Design Culture Salon 11: How do fashion cycles and design culture interact?

Friday 14 November 2014

6:30-8:30pm

Clore 55, British Galleries, V&A Museum

Fashion has featured very little in the conversations and debates generated in previous Design Culture Salons. This is surprising, given that the concepts of movement and mobility, central to the study of design culture, are also central to the study of fashion theory. Fashion also dominates how design is understood and consumed, particularly through the media. At the same time, the ‘trend’ orientated fashion system appears to be oppositional to those seeking to pave alternative systems and cultures of consuming design. So, how useful are the dynamics of fashion as a method of examining and understanding the role of design in contemporary culture? How can we compare the cycles of fashion and furniture design, for example? What can we learn from trend forecasters about design culture? What might account for the apparent separation of the academic study of cultures of fashion and design?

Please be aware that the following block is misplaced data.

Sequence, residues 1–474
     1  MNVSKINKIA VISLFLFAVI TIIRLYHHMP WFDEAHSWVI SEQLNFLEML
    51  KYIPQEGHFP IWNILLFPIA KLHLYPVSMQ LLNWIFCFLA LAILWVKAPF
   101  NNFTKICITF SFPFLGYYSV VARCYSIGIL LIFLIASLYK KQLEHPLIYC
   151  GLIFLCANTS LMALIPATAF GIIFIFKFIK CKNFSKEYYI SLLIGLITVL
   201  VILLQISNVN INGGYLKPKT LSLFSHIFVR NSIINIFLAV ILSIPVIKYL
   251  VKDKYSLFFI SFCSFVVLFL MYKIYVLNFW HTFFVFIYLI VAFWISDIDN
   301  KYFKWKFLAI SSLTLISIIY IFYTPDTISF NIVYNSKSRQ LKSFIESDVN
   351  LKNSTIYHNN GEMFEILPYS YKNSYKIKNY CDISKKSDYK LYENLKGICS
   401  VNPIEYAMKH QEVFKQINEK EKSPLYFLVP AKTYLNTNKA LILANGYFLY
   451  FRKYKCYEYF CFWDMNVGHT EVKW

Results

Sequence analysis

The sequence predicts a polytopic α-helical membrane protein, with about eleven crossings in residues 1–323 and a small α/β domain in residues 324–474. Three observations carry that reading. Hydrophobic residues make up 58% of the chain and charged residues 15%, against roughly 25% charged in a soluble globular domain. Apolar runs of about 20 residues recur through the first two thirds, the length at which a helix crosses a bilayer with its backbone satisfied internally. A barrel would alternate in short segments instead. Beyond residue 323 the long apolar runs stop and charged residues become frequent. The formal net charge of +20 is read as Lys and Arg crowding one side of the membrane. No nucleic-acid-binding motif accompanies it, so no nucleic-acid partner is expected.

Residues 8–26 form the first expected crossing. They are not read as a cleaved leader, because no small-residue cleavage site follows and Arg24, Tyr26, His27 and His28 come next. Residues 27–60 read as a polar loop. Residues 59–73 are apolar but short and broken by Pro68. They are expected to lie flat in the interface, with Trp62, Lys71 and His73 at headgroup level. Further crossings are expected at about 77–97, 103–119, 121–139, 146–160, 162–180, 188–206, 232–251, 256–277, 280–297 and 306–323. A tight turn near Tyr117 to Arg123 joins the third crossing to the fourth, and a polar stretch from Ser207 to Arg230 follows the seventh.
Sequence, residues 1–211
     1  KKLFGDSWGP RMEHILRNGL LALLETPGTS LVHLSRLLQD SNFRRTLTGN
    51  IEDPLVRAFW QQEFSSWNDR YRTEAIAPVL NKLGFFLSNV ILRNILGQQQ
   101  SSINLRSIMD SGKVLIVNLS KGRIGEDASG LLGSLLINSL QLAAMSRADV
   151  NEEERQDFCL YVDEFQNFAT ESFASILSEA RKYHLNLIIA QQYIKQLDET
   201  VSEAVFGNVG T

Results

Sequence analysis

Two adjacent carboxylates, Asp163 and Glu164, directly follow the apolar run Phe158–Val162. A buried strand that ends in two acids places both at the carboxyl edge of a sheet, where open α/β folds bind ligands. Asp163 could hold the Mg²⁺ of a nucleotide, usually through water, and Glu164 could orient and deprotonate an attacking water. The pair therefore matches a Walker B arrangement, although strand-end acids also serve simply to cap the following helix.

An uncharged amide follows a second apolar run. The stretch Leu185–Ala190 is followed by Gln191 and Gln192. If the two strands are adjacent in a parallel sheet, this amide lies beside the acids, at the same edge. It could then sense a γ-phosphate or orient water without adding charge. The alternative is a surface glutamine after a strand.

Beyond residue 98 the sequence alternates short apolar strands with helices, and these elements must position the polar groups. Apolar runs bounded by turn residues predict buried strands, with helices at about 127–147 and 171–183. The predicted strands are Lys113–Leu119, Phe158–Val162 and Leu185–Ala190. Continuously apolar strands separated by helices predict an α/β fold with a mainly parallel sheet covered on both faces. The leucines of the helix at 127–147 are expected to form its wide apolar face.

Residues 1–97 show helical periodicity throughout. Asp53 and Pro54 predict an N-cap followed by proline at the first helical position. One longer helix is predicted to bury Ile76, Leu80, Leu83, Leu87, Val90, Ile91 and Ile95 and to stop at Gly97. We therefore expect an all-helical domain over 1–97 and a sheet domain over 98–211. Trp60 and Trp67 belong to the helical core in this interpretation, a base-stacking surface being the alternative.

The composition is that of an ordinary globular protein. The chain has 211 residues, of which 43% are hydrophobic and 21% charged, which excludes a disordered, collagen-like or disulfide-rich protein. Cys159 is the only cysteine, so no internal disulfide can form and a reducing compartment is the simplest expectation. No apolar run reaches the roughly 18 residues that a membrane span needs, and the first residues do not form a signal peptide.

Chair: Christopher Breward, Principal, Edinburgh College of Art

Panel:
Cher Potter, Research Fellow, V&A and London College of Fashion
Lisa White, Content Director, HomeBuildLife, WGSN
Marloes ten Bhomer, Designer and Fellow at Stanley Picker Gallery, Kingston University
Joanne Entwistle, Senior Lecturer in Cultural and Creative Industries, Kings College, London

Professor Christopher Breward is a leading cultural historian. Appointed Principal of ECA in September 2011, he is also Vice Principal for the Creative Industries and Performing Arts and Professor of Cultural History at the University of Edinburgh. His publications and exhibitions have considered the cultural history of fashion in the West, the history and status of London and other cities as global capitals of fashion, men as consumers of dress and related histories of dandyism, and ideas of fashion, modernity and memory. He has worked on major collaborative curatorial projects funded by the Economic and Social Research Council and the Arts and Humanities Research Council.